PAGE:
• Sign In
    Sign Up
  • English speaking customer support only




  • Change Language
  • USD

GemSelect Newsletter - September 2010

In our newsletter this month:
Unheated Sapphire from Tanzania Back to Top

In the last year we've been listing some unheated sapphire from Tanzania at very attractive prices. Since unheated sapphire is hard to find, not to mention rather expensive, these Tanzanian sapphires have proven to be very popular.

The main limitation with these unheated sapphires is that they have been available only in small sizes, with most pieces weighing under 1 carat. We're now pleased to report that we've found a source for larger stones, and we've just acquired a collection of more than 60 outstanding pieces in weights over 1 carat, with quite a few stones over 2 carats. We've had a number of specimens certified at the AIGS gemological lab in Bangkok to verify that they are unheated.

We have these in both round and octagonal shapes. Round sapphires are perennial favorites because they are easy to set and work well in many different jewelry designs. But rounds can be hard to find because it takes more raw material to cut a round stone, and many cutters will cut an oval instead to preserve carat weight. We've found about 30 round unheated sapphires, ranging in weight from 1 to 1.7 carats. Most of these are brilliant cut, but we also have about a dozen diamond-cut stones.

In addition to rounds, we have a selection of about 30 octagonal, scissor-cut sapphires, in weights between 1.4 and 2.8 carats with sizes ranging from 7 x 5 mm to 8 x 6 mm.

Colors for both shapes are a range of pastel hues, including yellow, orange, green, violet, blue and pink, plus some interesting multicolored round gems. The clarity of these is excellent, with almost every stone graded VVS-VS or VVS.

The pastel colors are of particular interest for those considering sapphire instead of diamond for a special piece of jewelry such as an engagement ring or anniversary gift. Pastel colors have more sparkle and fire than the darker colored sapphires, especially in very clean stones. The superb prices of these stones, ranging from $130 to $250 per carat, make them suitable for any project that requires a high quality untreated gemstone that is hard enough for everyday wear.

Rare and Unusual Gems Back to Top

Each month we focus on a rare and unusual gem from our inventory. This month we feature a very fine 10 carat multicolor tourmaline from Nigeria:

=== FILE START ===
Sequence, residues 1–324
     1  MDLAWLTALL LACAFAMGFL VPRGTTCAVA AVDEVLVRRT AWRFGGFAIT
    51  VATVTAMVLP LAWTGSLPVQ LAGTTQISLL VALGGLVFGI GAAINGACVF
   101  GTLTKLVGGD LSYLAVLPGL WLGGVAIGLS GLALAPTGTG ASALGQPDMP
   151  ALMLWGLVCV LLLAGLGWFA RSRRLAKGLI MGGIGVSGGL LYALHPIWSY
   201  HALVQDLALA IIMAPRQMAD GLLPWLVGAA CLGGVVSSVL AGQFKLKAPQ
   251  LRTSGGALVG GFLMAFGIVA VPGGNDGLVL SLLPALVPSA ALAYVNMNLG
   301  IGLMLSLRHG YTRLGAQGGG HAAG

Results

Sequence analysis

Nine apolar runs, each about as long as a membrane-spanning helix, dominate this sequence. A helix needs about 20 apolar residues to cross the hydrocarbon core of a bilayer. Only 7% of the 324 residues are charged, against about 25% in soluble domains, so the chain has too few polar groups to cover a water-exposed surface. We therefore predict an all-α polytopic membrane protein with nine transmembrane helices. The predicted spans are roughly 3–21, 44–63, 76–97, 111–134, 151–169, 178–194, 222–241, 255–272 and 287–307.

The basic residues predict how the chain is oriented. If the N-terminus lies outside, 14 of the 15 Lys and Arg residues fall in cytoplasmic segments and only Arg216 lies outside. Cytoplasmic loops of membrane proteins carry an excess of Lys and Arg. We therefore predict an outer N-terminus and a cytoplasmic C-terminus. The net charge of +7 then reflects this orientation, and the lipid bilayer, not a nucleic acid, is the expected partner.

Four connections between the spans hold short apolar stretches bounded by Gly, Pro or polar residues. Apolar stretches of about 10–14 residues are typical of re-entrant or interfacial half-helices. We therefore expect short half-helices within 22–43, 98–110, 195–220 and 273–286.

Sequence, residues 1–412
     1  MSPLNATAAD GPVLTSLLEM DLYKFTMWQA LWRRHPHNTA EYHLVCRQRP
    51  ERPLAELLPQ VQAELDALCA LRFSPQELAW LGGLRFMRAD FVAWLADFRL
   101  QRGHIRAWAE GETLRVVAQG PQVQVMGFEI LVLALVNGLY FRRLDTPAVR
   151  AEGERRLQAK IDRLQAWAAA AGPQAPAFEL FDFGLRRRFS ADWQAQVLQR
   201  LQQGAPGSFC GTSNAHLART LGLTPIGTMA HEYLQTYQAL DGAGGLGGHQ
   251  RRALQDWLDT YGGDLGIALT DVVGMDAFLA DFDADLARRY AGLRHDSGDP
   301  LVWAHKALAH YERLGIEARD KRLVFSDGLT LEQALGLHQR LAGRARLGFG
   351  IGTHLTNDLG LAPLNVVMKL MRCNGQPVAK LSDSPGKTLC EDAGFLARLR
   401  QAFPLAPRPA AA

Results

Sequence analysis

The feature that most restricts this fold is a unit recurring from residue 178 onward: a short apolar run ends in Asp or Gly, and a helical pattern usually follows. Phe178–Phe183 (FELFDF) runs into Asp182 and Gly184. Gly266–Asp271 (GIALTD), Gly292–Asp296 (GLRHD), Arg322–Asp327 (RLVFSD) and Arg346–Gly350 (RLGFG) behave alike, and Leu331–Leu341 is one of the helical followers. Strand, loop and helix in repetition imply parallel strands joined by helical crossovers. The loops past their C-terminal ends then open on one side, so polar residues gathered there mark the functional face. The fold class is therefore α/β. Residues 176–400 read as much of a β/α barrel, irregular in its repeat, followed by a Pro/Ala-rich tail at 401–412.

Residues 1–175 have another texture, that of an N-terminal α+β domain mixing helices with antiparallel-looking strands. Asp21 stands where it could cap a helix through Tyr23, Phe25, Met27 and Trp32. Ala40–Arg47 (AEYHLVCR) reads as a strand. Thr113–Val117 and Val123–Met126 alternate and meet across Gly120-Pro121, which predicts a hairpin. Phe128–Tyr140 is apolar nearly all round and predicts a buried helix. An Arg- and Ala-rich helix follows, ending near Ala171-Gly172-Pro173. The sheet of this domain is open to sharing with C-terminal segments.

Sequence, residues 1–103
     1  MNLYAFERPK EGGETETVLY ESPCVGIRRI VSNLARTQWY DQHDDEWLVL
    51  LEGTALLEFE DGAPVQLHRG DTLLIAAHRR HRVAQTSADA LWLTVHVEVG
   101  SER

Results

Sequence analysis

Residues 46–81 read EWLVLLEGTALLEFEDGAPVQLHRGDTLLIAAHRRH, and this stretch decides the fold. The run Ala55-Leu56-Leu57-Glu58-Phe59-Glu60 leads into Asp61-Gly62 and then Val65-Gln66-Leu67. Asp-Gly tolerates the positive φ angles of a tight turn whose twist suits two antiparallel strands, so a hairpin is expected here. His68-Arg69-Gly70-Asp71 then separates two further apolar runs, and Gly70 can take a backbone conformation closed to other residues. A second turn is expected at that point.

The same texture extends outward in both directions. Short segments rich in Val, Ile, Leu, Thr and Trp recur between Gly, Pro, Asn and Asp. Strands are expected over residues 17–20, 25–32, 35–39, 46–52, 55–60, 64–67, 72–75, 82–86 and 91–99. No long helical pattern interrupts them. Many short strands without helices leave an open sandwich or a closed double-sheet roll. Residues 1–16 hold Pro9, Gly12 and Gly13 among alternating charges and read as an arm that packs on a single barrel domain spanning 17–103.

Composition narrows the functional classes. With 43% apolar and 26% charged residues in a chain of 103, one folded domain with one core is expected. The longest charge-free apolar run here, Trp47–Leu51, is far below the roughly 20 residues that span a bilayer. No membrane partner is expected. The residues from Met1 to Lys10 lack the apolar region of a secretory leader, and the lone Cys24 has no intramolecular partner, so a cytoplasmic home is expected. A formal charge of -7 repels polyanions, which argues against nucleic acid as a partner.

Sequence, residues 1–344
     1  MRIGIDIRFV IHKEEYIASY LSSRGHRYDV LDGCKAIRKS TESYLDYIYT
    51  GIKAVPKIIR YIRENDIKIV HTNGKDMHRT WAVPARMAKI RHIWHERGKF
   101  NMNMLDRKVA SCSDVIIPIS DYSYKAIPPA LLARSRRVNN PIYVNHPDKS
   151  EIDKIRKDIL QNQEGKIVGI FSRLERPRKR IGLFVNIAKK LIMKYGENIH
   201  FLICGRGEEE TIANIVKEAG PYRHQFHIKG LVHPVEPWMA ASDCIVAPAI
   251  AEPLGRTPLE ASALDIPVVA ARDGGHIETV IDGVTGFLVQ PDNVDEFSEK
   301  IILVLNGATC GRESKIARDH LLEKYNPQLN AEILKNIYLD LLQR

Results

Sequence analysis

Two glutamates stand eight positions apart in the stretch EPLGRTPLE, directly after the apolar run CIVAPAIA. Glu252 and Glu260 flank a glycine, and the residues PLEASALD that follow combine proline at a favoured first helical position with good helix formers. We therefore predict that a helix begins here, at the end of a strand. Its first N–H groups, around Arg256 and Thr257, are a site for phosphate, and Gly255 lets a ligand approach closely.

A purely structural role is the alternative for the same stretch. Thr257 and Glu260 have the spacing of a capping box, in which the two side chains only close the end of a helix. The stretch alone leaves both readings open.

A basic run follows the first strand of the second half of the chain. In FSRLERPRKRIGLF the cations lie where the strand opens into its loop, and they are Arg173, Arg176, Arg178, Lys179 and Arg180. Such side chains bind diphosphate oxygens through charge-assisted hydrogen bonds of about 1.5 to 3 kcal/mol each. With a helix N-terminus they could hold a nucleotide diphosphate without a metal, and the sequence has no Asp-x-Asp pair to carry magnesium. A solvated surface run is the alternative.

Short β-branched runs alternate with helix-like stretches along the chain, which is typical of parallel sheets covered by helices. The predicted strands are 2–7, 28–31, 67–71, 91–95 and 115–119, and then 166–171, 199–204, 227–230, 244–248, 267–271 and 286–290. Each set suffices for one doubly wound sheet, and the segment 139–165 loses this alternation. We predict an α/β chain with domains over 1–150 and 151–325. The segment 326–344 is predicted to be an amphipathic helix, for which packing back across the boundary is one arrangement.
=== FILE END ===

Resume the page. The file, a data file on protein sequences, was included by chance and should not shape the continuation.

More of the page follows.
Multicolor Tourmaline from Nigeria
Multicolor Tourmaline from Nigeria

There are many bi-color and multicolor specimens of tourmaline, but you'll rarely see a multicolored stone as pretty as this padparadscha-colored tourmaline from Nigeria. Depending on the viewing angle, this gem displays pink, orange, yellow and green. What makes this stone so unusual is its impressive size - 10.15 carats - and its outstanding clarity. We've graded this gem IF (internally flawless).

Customer Questions Back to Top

Every month we answer questions of general interest from our customers. Please feel free to send your questions or suggestions to our support team at!

I read that the only singly refractive gems are diamond, spinel and garnet. Is that correct? JCK, Belgium.
Singly refractive gems actually fall into 2 categories - cubic crystals and amorphous gems. Cubic crystals include diamond, spinel and garnet; but also fluorite, boleite, sodalite, pyrite, hackmanite and lapis lazuli in its crystalline form (most lapis is found in aggregate form). Amorphous gems include all the opals, natural glass like obsidian and moldavite, and organic gems such as amber, pearl and ammolite. So there are actually quite a few singly refractive gems. The vast majority of gems are, however, doubly refractive.
I've been advised when buying heated sapphire to buy stones that have only been gently heated. Do your sapphires qualify? PS, USA.
When sapphire is heat-treated, the purpose is usually to dissolve rutile inclusions. When rutile (titanium dioxide) is dissolved, it has two salutary effects - it improves the clarity of the stone by eliminating cloudiness, and it improves the color by the release of titanium into the sapphire lattice.
But very high temperatures are required to achieve this, since rutile begins to dissolve at temperatures around 1650 degrees centigrade and has a melting point of 1843 degrees centigrade. I don't think anyone could fairly call this "gentle heat". In fact it is in the same temperature range as the ovens used to cremate human remains.
Some gemstones, such as quartz, apatite, zircon and tanzanite are heated at much lower temperatures, ranging from 600 to 1200 degrees centigrade. But even these temperatures are 2 to 4 times higher than the maximum temperature of most kitchen ovens.

Keep up with our new arrivals before they hit the newsletter by joining our thousands of fans and followers on our social networking pages. We love interacting with our customers - you can visit us on Tumblr, LinkedIn, Twitter, Facebook or Pinterest!

To ensure you can receive our emails, please be sure to add to your list of safe contacts, or you add us into your email address book! Please feel free to contact us with any questions, comments and queries! We respond to each and every email we receive.

Happy Gem Hunting!
Your friends at GemSelect

*You're signing up to receive GemSelect promotional email.
Partners and Trust Payment options

Switch to Mobile Version

Copyright © 2005-2023 all rights reserved.

Reproduction (text or graphics) without the express written consent of (SETT Company Ltd.) is strictly prohibited.